Yeah, I could see me only buy Digital, but they ignoring big Parts of the World here. Digital Only would by far not working everywhere, even an Industry like the Musik Industrie that is already in Big Ways Digital still sells Millions and Millions of CD every Year. Of course Digital is bigger and more Important now, but Physical Discs are still there and Important too.

    Hell, even when I look at my Neighborhoods in Germany I can see Problems, because the Big Giant Telekom is cutting of Flats and brings Limitations for Downloadsizes. 2-3 Triple A Games and your Downloadspeed is terrible slow for the Rest of the Month.

    The Luxury of having good and fast Internet without Limits isn’t there everywhere. And it wont be there for quite a while.

    #39 2 years ago
  40. JGMR

    @33 Same here. Quite an easy decision to make actually. LOL

    #40 2 years ago
  41. salarta

    @37: Ah, the old “lol you secretly want this or don’t care and will cave eventually” argument. I see it all the time with fanboys of certain series that desperately want to believe that anyone saying they refuse to buy a new installment of a series will just want it “so bad” that they’ll “cave” and get it anyway on day one.

    #41 2 years ago
  42. DSB

    I think it’s more of a “You don’t care enough to inconvenience yourself in order to cling desperately to the past for all time” argument.

    I think the main difference is that people now have a (digital) forum where they can share and indulge their fear of all things new. It’s kind of an ironic place to do it, but then it’s never really about common sense.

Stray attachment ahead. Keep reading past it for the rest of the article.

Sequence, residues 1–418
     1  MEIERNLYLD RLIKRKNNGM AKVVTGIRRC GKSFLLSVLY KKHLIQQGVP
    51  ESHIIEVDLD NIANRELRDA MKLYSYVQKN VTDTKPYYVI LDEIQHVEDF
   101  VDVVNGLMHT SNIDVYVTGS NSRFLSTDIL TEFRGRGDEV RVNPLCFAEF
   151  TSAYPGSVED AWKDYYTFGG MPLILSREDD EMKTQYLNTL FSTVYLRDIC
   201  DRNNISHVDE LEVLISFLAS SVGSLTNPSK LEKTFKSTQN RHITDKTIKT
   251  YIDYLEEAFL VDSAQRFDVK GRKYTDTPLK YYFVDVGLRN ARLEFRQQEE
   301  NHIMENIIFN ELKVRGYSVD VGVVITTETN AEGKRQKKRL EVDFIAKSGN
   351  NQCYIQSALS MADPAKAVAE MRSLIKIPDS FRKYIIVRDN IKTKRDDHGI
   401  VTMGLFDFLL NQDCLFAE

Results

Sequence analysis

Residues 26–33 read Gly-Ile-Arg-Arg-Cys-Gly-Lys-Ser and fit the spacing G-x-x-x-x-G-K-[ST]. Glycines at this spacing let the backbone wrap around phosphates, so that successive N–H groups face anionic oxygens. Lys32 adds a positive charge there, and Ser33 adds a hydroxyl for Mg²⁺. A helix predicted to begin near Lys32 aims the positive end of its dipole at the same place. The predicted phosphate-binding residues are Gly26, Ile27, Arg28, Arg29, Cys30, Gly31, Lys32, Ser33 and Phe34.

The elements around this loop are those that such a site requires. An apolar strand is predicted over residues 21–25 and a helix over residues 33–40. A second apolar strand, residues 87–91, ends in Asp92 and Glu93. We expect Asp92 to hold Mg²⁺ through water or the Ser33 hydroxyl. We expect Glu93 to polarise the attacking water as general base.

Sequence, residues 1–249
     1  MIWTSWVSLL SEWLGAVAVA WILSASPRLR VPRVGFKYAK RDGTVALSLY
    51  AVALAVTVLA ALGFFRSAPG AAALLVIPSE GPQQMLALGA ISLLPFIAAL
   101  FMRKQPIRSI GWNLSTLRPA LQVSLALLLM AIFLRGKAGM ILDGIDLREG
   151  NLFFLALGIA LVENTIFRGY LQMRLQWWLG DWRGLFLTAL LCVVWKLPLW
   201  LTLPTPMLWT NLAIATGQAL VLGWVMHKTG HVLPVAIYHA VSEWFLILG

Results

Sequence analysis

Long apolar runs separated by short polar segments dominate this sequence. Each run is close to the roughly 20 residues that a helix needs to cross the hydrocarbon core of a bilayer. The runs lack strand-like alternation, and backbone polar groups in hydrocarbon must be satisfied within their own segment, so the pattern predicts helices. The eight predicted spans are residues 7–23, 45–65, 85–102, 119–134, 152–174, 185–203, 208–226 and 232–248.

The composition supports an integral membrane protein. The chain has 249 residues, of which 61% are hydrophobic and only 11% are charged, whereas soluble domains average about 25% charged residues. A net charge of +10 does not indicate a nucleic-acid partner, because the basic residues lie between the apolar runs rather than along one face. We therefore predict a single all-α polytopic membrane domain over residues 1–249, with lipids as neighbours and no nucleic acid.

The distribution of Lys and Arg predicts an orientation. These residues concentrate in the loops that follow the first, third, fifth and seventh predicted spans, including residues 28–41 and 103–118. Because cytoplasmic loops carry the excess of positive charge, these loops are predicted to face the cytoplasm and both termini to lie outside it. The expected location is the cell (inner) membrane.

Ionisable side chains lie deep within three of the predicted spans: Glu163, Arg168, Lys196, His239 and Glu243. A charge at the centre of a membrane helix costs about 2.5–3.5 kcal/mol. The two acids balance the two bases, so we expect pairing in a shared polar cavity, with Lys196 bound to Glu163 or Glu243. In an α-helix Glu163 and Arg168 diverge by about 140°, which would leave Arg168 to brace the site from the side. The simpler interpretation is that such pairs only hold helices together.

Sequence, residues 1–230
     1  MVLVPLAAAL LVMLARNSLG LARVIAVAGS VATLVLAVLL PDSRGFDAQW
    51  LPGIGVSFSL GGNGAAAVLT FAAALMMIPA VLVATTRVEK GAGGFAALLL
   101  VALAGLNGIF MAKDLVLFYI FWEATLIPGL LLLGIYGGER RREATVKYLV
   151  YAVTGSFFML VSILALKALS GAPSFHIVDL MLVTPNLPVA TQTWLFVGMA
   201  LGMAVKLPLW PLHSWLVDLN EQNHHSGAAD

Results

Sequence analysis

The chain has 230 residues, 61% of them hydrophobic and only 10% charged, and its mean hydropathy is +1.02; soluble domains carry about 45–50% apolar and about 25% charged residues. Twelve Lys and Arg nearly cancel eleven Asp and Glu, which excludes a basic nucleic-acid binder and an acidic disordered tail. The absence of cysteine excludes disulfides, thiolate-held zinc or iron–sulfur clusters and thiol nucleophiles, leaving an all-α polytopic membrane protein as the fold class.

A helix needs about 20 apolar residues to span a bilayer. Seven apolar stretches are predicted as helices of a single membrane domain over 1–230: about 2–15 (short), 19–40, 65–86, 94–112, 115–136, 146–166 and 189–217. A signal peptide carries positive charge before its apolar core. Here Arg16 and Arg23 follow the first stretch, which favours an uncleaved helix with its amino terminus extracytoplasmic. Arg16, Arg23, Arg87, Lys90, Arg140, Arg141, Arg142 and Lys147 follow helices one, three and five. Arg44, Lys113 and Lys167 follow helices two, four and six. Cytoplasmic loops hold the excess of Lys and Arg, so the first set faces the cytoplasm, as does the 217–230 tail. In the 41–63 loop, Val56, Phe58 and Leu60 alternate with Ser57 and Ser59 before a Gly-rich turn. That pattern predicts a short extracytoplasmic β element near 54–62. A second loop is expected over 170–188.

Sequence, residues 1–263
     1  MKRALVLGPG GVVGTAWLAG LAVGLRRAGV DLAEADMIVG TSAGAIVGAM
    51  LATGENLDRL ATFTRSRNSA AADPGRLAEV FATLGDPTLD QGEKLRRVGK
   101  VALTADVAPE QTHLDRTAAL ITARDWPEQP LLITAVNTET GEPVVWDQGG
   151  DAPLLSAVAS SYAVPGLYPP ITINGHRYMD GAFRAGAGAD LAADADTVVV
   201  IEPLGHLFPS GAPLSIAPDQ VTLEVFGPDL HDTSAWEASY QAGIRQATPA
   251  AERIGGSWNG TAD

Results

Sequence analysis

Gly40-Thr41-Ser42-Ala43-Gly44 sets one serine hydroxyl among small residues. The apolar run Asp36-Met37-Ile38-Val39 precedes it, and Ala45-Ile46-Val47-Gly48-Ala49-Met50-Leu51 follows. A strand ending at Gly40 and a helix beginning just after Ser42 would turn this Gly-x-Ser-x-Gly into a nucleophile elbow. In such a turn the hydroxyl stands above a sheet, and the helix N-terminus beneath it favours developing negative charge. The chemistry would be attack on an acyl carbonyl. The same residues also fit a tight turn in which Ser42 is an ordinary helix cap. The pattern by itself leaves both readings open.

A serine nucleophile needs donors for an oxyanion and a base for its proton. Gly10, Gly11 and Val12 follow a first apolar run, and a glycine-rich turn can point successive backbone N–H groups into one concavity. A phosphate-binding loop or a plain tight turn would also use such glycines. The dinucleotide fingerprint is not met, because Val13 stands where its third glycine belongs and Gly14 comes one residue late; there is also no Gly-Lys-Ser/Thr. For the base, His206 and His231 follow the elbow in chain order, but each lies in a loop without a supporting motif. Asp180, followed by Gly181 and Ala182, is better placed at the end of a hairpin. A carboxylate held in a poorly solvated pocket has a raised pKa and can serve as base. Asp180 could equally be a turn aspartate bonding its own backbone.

Whereas it used to be individual men who bitched about DVDs replacing their VHS tapes and having to “buy a new damn video player”, now you have a more sustained cacophony of whining every time someone tries to move things ahead.

    #42 2 years ago
  43. OrbitMonkey

    @DSB, pre-fucking-cisely.

    #43 2 years ago
  44. JGMR

    It is not about sentimentality. It’s about OWNERSHIP and care for PRESERVATION.

    #44 2 years ago
  45. DSB

    @44 I’m sure someone said the same thing when we went from clay tablets to paper. It’s served us pretty well even so.

    Your ownership has been challenged on physical media for decades now, you just never bothered to read a EULA so you could complain about that.

    Games are currently a lot better preserved on the internet than they are on floppy discs, cds or dvds. They’re being copied and distributed thousands of times over and kept on thousands of servers, so instead of clinging to a finite number of objects, we can literally reproduce them at any time.

    The internet is to games what amber is to Jurassic Parks dinosaur DNA.

    #45 2 years ago
  46. JGMR